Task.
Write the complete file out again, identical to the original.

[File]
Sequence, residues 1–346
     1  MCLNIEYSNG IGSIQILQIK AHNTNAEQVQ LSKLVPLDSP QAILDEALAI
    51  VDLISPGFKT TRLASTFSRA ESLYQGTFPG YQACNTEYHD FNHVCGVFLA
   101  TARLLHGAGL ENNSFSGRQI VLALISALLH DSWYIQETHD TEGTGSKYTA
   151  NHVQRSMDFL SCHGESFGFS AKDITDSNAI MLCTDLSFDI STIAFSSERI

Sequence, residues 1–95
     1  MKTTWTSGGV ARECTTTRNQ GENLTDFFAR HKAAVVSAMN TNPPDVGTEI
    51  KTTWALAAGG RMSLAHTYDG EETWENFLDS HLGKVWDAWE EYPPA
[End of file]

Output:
Sequence, residues 1–346
     1  MCLNIEYSNG IGSIQILQIK AHNTNAEQVQ LSKLVPLDSP QAILDEALAI
    51  VDLISPGFKT TRLASTFSRA ESLYQGTFPG YQACNTEYHD FNHVCGVFLA
   101  TARLLHGAGL ENNSFSGRQI VLALISALLH DSWYIQETHD TEGTGSKYTA
   151  NHVQRSMDFL SCHGESFGFS AKDITDSNAI MLCTDLSFDI STIAFSSERI

Sequence, residues 1–95
     1  MKTTWTSGGV ARECTTTRNQ GENLTDFFAR HKAAVVSAMN TNPPDVGTEI
    51  KTTWALAAGG RMSLAHTYDG EETWENFLDS HLGKVWDAWE EYPPA